L | Architectural History of the CityCopyright: © Anke Naujokat
The Architectural History of the City
from Antiquity to the 21st Century
The lecture gives an overview of the architectural history of the city from antiquity to the middle ages, to the modern era and the industrial revolution up to today's information age. The focus lies on the question of how cities have acquired their urban and architectural form. Which factors and intentions led to the emergence of certain architectural and urban designs, and which effects and statements are linked to them?
In order to answer those questions, we will describe and analyse the complex interplay of urban structures and architectural designs on the basis of examples typical of their time. In addition to a predominantly chronological approach, certain aspects will be also examined in diachronic digressions, i.e. on a level that points beyond their time-specific context. The social, economic, religious and philosophical framework for urban planning and design decisions will certainly be addressed. However, special attention is paid to the urban form as a carrier of meaning and to the special tradition of the European "historical city" as the product of a continuous redesign, in which the new becomes readable only against the background of what already exists.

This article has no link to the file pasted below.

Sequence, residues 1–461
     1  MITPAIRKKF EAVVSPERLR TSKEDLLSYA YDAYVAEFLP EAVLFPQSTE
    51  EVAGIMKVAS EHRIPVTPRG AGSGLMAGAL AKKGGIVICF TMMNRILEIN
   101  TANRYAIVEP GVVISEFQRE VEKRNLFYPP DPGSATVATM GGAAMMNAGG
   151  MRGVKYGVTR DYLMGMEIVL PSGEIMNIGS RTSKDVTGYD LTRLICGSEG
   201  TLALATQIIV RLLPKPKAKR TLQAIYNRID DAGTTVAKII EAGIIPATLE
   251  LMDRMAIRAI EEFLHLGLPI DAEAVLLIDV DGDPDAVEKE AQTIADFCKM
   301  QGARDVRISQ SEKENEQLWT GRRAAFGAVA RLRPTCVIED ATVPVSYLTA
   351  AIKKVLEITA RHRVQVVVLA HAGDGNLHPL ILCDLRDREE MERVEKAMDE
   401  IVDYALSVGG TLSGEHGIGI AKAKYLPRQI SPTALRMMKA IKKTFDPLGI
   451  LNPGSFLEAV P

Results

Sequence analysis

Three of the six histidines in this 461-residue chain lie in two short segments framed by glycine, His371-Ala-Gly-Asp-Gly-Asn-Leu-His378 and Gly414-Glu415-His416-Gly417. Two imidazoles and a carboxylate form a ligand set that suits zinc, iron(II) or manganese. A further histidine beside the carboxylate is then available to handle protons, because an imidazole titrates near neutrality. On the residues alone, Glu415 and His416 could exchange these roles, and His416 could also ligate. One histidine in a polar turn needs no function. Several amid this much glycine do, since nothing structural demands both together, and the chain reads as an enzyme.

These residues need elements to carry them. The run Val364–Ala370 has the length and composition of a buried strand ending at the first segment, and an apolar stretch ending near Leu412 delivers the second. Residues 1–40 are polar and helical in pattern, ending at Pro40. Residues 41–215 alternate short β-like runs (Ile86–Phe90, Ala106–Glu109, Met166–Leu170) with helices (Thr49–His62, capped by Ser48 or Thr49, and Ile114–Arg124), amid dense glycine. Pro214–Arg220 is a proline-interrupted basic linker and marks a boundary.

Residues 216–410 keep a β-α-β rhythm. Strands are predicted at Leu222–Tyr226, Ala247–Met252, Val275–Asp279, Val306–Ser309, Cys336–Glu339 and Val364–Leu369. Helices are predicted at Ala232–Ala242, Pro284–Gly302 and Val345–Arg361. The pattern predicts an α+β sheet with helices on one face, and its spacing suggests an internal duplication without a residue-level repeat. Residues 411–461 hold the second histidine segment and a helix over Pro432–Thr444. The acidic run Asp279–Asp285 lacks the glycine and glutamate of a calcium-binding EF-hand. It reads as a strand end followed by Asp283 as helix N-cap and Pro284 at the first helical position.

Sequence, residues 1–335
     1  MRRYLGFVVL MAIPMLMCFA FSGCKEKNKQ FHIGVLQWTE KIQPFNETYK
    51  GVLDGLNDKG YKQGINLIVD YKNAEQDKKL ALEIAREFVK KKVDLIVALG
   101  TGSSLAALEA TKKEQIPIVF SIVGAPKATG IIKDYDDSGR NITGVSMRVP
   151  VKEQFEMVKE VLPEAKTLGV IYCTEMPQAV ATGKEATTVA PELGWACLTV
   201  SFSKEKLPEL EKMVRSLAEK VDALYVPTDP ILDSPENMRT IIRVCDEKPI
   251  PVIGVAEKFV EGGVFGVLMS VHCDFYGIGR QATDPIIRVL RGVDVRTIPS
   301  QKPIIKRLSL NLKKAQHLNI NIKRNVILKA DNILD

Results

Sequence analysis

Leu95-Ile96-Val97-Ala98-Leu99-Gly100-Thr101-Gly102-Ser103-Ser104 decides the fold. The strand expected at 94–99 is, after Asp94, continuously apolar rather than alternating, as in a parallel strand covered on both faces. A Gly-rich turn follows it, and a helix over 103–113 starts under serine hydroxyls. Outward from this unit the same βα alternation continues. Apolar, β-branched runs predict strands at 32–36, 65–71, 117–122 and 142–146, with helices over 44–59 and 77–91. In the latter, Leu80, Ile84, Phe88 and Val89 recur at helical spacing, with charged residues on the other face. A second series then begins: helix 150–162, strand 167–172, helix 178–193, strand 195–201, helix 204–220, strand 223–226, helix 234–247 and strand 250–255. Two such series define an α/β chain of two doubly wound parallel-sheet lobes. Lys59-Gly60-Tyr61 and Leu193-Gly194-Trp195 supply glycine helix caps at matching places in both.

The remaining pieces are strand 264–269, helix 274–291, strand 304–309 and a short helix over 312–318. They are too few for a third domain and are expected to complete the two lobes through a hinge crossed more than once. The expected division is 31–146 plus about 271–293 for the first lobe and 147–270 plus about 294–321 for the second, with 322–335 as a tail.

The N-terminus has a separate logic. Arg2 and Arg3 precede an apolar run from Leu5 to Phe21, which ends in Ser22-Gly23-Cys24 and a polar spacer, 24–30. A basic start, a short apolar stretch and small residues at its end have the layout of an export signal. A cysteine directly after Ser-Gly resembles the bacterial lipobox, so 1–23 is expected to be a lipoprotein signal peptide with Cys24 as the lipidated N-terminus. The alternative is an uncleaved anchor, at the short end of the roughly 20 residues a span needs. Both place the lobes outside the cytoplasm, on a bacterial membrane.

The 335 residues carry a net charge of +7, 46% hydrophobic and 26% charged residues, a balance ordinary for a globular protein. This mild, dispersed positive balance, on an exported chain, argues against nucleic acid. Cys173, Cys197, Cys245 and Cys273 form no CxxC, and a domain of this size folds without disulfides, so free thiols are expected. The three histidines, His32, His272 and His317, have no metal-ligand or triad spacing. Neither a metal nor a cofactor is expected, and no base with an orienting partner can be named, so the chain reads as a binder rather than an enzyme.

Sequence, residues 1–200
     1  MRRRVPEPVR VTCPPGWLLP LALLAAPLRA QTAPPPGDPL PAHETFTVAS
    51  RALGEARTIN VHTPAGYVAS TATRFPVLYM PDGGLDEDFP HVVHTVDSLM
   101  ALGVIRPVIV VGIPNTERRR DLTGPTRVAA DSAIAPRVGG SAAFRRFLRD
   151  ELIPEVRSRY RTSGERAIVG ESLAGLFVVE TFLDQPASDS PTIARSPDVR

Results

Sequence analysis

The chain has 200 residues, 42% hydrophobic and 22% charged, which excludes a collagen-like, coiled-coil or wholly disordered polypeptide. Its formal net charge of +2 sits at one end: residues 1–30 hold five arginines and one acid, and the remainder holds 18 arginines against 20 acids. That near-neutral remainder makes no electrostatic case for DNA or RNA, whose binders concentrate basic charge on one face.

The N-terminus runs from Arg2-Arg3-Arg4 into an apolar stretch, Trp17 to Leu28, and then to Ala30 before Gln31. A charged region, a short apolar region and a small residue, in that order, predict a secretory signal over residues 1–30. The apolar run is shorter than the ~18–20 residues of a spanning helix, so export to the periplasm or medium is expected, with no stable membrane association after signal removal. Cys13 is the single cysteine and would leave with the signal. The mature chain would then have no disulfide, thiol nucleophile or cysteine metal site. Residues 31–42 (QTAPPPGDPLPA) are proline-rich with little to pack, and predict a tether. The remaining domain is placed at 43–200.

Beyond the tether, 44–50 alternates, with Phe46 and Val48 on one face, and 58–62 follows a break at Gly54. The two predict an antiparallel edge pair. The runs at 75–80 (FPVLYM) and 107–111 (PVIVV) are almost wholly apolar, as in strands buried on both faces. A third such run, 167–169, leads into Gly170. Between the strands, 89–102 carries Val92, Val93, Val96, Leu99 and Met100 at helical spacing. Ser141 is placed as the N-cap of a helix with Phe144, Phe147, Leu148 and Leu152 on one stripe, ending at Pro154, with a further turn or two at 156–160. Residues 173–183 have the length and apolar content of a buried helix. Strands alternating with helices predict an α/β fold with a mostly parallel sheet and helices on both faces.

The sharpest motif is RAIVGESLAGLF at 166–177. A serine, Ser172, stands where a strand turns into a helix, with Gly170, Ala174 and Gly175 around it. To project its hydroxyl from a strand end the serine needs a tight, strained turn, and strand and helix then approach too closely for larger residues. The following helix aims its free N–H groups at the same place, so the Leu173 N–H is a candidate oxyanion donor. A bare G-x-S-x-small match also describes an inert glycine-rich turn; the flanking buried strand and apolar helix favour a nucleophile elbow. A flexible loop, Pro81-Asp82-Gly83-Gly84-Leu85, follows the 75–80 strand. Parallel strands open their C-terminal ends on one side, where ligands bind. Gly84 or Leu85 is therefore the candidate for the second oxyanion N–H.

According to the rule "You only see what you know", the lecture is aimed at enabling prospective architects and urban planners to see cities more consciously and to name and understand the various layers of time and their respective qualities - an indispensable prerequisite for contemporary designs that contribute with sufficient complexity to the diversity of urban references.
History and Theory I (former examination regulations)
M.Sc. | 1st semester
Thursdays, December 10 and 17, 2020, 9am to 4pm